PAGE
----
SYDNEY, Australia ---They had too much fun. That was the problem with the way Baltimore's Bernard Williams and his 400-meter relay teammates celebrated after winning a gold medal last night in Olympic Stadium. A little bit of joyful preening and silliness is fine at such a moment for any athlete so inclined, but Williams and his teammates just kept going. And going. Too far. And for too long. They were happy beyond words and celebrating the accomplishment of a lifetime, of course, and everyone recognized that.
SPORTS
By Milton Kent | July 29, 1996
After Saturday morning's bombing of Centennial Olympic Park, did the city of Atlanta bounce back yesterday and show resilience and defiance at the specter of terrorism, or was it still enveloped in a fog of gloom and despair?On "Sunday Morning," two correspondents were proclaiming that the Olympics, and by extension, Atlanta, always would be scarred by the pipe bombing that killed one person directly, left a Turkish cameraman, who was attempting to cover the blast, dead of a heart attack and injured more than 100 people.
SPORTS
By Peter Schmuck and Peter Schmuck,SUN STAFF | April 30, 2002
MONTREAL - The weather is still winter-brisk in this extremely northern baseball suburb of Washington, which is one of the many reasons fans have been slow to warm up to the young and exciting Montreal Expos. The Canadiens are in the NHL playoffs for the first time in four years. School doesn't let out for another month. And, if you really want to get technical about it, there's also that thing about Major League Baseball's closing the franchise for lack of interest or moving it to some more economically attractive location in the next year or so. New manager Frank Robinson, who has been charged with keeping the Expos competitive until who knows what happens to the franchise, looks into the empty stands at Olympic Stadium and summons up the only words he can find to describe the feeling.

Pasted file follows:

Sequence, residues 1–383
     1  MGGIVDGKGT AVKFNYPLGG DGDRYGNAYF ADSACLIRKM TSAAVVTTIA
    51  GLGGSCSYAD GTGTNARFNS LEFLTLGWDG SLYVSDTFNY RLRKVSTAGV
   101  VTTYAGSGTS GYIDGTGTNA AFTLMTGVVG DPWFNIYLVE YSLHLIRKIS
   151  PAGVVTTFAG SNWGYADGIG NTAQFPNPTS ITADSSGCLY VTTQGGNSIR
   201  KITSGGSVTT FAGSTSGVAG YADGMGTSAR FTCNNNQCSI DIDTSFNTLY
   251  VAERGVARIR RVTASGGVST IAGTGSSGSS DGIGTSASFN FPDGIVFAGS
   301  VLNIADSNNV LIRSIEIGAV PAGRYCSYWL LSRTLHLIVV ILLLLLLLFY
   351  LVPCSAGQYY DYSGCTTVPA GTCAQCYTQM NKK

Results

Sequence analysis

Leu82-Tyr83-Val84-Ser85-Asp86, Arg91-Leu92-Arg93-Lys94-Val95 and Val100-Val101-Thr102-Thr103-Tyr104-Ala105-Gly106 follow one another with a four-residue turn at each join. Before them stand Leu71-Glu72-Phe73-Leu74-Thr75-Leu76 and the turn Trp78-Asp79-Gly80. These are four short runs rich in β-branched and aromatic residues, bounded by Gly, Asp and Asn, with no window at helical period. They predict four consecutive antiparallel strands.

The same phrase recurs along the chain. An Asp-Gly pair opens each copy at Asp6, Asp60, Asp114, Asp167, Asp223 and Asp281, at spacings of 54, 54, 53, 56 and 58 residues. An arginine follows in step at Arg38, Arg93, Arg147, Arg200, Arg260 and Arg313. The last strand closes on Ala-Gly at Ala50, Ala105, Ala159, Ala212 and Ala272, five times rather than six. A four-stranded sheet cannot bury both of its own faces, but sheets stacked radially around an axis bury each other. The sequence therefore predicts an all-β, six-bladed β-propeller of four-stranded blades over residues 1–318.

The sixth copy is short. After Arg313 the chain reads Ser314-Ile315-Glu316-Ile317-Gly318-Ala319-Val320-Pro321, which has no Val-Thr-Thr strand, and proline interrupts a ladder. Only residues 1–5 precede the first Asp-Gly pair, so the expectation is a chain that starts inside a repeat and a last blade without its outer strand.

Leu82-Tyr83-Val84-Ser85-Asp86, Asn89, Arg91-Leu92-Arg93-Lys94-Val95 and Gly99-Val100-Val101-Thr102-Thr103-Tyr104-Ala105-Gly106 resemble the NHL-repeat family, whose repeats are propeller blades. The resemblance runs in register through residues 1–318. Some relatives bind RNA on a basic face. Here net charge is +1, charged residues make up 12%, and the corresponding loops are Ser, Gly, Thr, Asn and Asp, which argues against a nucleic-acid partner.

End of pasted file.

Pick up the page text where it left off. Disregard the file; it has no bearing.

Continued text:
NEWS
By Gady A. Epstein and Gady A. Epstein,SUN FOREIGN STAFF | August 29, 2004
BEIJING - For a city so consumed with remaking itself in time for the 2008 Olympics - building enough stadiums, roads and apartments to equip an entirely new capital - it is an odd sight: At the two highest-profile projects for the Beijing Games, the Olympic stadium and the swimming center, the work has all but stopped. But no one seems nervous about finishing the projects on time. On the contrary, organizers are trying to make sure they don't finish too early. When Athens was frantically working to be ready for this summer's Games, Beijing was laying foundations for structures that don't need to be finished for four more years.
SPORTS
By Don Markus and Don Markus,SUN STAFF Sun staff writer Peter Schmuck contributed to this article | July 20, 1996
ATLANTA -- The Centennial Olympic Games got under way here last night by following a new creed for the opening ceremonies at Olympic Stadium. It was a creed for the '90s, and for the kind of show this city and its local organizers have been promising since they received the bid six years ago.Longer, larger, louder.And maybe more dramatic.Before a crowd of 83,100 roaring fans that included President Clinton and his family, before a worldwide television audience expected to reach some 3.5 billion, and with the largest gathering of nations and athletes in the history of this quadrennial competition, the 1996 Games officially opened for business.